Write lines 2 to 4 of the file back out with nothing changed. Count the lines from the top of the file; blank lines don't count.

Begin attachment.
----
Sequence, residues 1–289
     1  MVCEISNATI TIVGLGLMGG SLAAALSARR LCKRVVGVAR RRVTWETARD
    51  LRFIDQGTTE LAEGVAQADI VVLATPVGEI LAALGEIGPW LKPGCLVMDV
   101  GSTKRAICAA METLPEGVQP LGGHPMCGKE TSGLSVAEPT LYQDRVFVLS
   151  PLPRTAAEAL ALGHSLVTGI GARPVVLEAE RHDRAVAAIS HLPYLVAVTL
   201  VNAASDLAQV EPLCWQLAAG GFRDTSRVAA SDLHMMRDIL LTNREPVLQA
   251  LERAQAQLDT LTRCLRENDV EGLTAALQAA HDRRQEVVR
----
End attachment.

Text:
     1  MVCEISNATI TIVGLGLMGG SLAAALSARR LCKRVVGVAR RRVTWETARD
    51  LRFIDQGTTE LAEGVAQADI VVLATPVGEI LAALGEIGPW LKPGCLVMDV
   101  GSTKRAICAA METLPEGVQP LGGHPMCGKE TSGLSVAEPT LYQDRVFVLS